CNBC's Top States For Business 2009: Top-Five Countdown To The Winner
Given the dramatic change in the nation’s economy in the past year, you'll find more than the usual number of surprises in the 2009 edition of Top States For Business.
Let's start with the state that finished No. 5—Utah. The Beehive State, which finished third last year, lost ground mostly because it slipped quite a few spots in the key Economy category. Utah, however, barely budged in many categories and actually improved in a couple of others.
We're counting down the top-five states on CNBC today, culminating with the announcement of the 2009 winner at about 2:30 p.m. ET on "Street Signs." So check back here during the day to get the latest on the winners and for full rankings.
You'll also find interesting economic profiles of all 50 states.
Take Utah, for instance. It is a state of contrasts. It has one of the lowest jobless rates in the county, but one of the highest foreclosure rates. And given its population, it also has has a relatively high projected budget gap for 2010 ($1 billion).
One more thing: Governor Jon Huntsman, Jr. (R) was recently tapped by President Obama to be Ambassador to China.
While Utah slipped this year, the state finishing No. 4 made a nice move up in the rankings—Iowa. The Hawkeye State, which finished ninth in 2008, squeaked by Utah by a single point in 2009. (Watch video.)
Iowa moved up in several categories, ranking first in one of them. (You’ll have to wait to find out.)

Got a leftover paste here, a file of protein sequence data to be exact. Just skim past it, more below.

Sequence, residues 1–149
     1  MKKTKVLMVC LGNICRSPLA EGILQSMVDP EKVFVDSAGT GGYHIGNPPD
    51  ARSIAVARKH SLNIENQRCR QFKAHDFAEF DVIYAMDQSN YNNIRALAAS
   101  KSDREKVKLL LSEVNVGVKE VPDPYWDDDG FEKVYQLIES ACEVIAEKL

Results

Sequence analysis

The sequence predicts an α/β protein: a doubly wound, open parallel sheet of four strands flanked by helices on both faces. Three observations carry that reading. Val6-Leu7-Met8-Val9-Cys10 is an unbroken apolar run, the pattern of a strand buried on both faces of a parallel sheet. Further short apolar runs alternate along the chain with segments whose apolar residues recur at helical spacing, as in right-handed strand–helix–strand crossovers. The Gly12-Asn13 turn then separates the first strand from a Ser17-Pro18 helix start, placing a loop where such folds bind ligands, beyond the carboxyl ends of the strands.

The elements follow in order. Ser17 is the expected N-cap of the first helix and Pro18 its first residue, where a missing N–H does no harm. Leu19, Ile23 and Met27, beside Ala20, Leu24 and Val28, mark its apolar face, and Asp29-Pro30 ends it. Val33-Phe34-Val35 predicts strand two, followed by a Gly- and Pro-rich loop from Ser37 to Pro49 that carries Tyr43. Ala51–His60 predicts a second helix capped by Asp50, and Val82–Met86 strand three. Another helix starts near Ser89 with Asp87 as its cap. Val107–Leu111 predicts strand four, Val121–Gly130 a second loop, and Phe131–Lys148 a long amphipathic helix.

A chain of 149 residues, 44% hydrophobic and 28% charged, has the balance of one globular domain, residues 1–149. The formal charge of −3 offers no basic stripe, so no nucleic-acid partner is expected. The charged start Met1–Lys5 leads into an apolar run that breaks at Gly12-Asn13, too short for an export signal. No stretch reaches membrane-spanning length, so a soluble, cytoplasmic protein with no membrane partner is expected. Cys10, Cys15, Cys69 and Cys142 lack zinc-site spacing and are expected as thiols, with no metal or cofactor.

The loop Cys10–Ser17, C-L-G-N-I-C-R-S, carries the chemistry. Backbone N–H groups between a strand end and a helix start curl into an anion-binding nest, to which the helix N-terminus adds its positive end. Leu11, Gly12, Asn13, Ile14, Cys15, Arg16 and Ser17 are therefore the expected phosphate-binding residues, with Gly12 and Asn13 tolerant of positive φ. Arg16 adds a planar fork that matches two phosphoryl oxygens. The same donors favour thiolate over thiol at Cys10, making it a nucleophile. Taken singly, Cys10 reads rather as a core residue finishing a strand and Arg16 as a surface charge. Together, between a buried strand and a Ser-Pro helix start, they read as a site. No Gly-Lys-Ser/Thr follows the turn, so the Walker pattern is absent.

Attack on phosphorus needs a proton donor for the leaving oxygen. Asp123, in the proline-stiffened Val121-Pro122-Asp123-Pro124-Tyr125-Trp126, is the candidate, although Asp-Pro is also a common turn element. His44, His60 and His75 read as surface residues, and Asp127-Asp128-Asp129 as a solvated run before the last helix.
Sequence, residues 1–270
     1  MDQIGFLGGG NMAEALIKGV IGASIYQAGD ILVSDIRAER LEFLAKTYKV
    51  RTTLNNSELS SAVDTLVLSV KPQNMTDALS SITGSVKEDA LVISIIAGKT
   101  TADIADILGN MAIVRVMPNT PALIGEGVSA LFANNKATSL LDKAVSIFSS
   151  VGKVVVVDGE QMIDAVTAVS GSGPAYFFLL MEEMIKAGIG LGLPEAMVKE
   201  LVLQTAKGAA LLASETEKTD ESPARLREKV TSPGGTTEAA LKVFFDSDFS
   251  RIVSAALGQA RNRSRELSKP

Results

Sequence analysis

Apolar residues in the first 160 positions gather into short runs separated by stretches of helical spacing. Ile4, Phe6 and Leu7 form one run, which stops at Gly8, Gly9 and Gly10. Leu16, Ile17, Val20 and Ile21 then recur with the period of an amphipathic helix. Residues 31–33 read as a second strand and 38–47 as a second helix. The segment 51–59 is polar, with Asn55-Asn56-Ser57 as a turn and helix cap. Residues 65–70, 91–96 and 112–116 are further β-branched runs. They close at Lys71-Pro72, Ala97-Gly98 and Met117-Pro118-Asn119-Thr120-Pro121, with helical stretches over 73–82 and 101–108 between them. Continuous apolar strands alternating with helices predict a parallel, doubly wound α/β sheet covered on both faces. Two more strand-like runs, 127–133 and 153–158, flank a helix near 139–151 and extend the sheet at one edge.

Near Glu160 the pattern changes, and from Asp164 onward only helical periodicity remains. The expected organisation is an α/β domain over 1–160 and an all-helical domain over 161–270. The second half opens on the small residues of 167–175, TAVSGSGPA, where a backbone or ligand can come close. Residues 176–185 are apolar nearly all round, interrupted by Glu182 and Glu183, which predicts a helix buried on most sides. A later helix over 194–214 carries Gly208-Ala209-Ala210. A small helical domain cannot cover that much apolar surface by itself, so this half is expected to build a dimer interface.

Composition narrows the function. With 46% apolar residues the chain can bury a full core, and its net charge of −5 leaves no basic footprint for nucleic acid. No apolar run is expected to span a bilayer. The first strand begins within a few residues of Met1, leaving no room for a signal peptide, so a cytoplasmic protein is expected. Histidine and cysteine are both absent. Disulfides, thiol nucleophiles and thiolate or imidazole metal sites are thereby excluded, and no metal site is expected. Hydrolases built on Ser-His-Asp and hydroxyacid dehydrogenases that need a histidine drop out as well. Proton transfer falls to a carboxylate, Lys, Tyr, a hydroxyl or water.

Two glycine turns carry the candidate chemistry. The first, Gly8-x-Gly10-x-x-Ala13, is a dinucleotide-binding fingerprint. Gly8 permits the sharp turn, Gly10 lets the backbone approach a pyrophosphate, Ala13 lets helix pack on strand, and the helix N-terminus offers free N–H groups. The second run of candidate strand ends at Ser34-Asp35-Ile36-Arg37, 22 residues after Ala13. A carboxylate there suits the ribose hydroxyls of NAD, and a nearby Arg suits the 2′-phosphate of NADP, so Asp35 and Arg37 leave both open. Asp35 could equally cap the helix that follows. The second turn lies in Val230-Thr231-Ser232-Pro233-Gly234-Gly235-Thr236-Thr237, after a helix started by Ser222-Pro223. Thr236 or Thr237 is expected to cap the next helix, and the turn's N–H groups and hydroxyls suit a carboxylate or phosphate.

Like Utah, however, the economy played a role in Iowa’s overall showing, but it also benefited from some fine-tuning of our categories and criteria, which affected weightings.
Iowa’s low unemployment rate isn’t much worse than Utah’s, but its foreclosure rate is one of the lowest in the country.
Coloradomoved up to No. 3, after a fifth-place finish in 2008. The state has showed remarkable consistency over the two years, with little change in many categories and is arguably the most balanced in the various individual categories. (Watch video.)
The Centennial State managed three other top-ten showings and made the top 20 in two other categories some may find surprising--Access To Capital and Technology & Innovation.
That said Colorado trailed the No. 1 and No. 2 states by dozens of points.
Texas is our runner-up for 2009, falling just a few points shy of winning for the second year in a row. In finishing No. 2, the Lone Star State lost a bit of its shine, thanks to the slump in the energy sector, but it still finished first or among the top ten in a number of individual categories. (Watch video.)
It’s far to say, that Texas’ loss is as much a result of the winner’s gain as anything else. For a big state with several million-plus urban centers, Texas has a surprisingly low jobless rate. Its projected budget deficit is also low on a per capita basis.
Virginia reclaims the title of America’s Top State for Business this year, squeezing past last year’s Top State, Texas, by a nose—just four points. Virginia, always a solid performer across the board, managed just enough improvement in the right areas—like Economy (7 vs. 17 last year)--to regain the title it won in 2007.